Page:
Gratitude and grace are magic.
Play with each daily.
When I am old and frail I will speak to my children and my children’s children about the importance of loving friendship.
I will say, what counts is caring for a person without expectation or judgement on who they ‘should’ be in your life, or how they ‘should’ treat you. What counts is letting them be the best they can be, and loving them as best you can for that.
Also, take the opportunities you do have to hang out, make a phone call, or write, but even when time flies and these modes of communication have been few and far between, remember that whether or not you know in any given moment what their love life looks like, or how they’re getting along with their boss, or how they are coping with loss, what counts is that they still know you care, and if they need you, you’ll be there.
Two years ago I put a part of my heart inside a safe and threw away the key.
“It’s lost, it’s gone, and I seriously have no idea how to find it” I told J again and again over the following months as we discussed trying to get back together.
Later I would have similar conversations with other incredible men in my life.
“I think you are amazing, but I just can’t go there right now” I would say. I wanted to want to find the key, unlock my heart, and give it away again, or at least I thought I wanted that- but every time I went looking, all I found was fear and another layer of cold steel to shield me.
In August 2012 I hit a peak. Or maybe, the right way to say that is I hit rock bottom. I was seeing someone very special, who was teaching me incredible lessons about openness, trust, and intimacy. I thought I was doing a pretty good job meeting him on those fronts as well, I thought, “Hey, maybe I found the key” and had decided I would give it a real shot. I would make a decision and “get excited about it”. So I brought him to a party to meet important people in my life. One of these important people who I look up to a great deal was excited for me to have come with a date and started asking some questions. He asked me if I was “head over heels” and as much as I wished or imagined my answer would be “yes”, from my chest came a brisk “No”. Then he said something about open hearts and lovely sentiments I thought I was living, and it happened- I rolled my eyes. I rolled my eyes at the idea of two people being open and sharing the deepest parts of themselves with each other. I rolled my eyes at that being a possibility for my life. It was a horrifying realization. The key was still missing. I cried the entire hour and a half ride home.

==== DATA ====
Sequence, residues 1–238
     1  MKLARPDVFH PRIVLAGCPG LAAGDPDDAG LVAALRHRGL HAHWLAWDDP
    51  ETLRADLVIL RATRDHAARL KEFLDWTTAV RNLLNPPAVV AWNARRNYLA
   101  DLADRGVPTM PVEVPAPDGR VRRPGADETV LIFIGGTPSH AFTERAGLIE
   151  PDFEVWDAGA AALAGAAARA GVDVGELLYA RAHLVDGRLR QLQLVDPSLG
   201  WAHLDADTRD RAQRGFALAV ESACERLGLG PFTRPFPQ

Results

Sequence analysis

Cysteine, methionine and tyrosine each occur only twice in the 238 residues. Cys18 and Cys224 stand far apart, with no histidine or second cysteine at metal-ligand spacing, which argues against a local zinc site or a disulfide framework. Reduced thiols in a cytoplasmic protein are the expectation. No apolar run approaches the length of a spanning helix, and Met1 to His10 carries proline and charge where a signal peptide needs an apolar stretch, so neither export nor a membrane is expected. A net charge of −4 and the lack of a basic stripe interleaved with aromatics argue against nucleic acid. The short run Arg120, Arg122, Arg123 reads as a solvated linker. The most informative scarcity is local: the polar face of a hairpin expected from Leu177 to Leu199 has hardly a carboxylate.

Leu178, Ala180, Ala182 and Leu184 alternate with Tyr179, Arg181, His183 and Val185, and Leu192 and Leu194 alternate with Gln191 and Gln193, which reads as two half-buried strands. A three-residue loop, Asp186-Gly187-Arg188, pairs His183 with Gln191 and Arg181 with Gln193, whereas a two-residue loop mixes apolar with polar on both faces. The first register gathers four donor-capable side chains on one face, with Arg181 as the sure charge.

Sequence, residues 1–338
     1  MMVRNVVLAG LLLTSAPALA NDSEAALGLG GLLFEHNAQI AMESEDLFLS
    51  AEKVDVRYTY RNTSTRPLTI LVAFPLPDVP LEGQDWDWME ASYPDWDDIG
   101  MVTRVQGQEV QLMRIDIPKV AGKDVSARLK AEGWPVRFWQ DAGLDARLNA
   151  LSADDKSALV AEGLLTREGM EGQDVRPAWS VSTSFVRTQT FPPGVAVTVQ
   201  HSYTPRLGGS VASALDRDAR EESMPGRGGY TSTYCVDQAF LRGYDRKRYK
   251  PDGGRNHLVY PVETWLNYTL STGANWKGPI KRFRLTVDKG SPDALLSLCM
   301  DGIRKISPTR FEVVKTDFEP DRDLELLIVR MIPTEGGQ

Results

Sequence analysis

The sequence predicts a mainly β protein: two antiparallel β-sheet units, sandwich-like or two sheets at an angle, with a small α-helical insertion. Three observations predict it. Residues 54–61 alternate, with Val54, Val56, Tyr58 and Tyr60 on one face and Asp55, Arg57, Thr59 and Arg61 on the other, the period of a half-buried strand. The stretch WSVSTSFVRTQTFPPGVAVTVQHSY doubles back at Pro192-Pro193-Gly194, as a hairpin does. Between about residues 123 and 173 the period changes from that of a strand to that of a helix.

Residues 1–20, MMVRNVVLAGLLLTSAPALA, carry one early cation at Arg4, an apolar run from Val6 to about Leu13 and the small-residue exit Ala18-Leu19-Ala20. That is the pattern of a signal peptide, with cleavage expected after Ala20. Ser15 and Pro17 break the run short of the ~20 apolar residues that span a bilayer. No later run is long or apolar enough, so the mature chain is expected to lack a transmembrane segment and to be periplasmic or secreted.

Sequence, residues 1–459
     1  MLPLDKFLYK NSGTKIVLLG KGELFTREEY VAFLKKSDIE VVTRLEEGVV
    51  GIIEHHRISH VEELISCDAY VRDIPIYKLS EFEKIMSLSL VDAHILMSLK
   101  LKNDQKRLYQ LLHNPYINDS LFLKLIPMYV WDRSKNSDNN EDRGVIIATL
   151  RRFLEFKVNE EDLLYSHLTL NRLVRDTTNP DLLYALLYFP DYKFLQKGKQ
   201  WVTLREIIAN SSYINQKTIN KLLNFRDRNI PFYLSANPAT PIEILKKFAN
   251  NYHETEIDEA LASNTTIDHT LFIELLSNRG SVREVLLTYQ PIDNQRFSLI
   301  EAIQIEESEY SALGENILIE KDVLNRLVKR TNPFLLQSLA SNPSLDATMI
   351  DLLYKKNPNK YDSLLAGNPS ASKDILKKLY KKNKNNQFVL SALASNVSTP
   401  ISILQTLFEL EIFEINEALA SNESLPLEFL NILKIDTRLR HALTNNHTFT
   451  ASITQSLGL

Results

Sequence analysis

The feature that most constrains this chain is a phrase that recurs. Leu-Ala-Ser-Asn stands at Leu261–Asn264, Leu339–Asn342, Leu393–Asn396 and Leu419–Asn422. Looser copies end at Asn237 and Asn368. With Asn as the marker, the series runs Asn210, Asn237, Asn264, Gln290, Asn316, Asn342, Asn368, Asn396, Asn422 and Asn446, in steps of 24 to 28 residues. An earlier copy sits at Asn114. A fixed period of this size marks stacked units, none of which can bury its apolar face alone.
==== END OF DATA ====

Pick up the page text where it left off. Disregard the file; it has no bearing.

Last week a beautiful man who had been in my yoga class told me after that he had wiped away tears, grateful for the sweat that disguised his sorrow in savasana, during the song “Hello My Old Heart”, and thanked me for playing it.
Today I listened to that song again by myself. Without thinking about the beat, the volume, the harmonics, and how they would sound in a large, humid room, I listened to the lyrics just for me, and something new stirred inside. Tears formed as I realized I wasn’t rolling my eyes. I wasn’t crying because I was so disconnected from the heart I longed to hear so badly. Tears formed out of gladness, from the place of saying “Hello, Welcome back, I have missed you old heart. Be free.”
Maybe N’s tears meant something different for him that morning in the studio, but for me, today, I think they were showing me that I’ve finally found the key.
There is the heaven we enter
through institutional grace
and there are the yellow finches bathing and singing
in the lowly puddle.
My Reflection: Grace is the absence of judgement.
Do not wait: the time will never be ‘just right’. Start where you stand, and work whatever tools you may have at your command and better tools will be found as you go along.
BY Eula Biss
“Every society is threatened by a nearly infinite number of dangers, Glassner writes, but societies differ in what they choose to fear. Americans, interestingly, tend to be most preoccupied with those dangers that are among the least likely to cause us harm, while we ignore the problems that are hurting the greatest number of people. We suffer from a national confusion between true threats and imagined threats.”
I am a good teacher.
I am a bad teacher.
I am a teacher.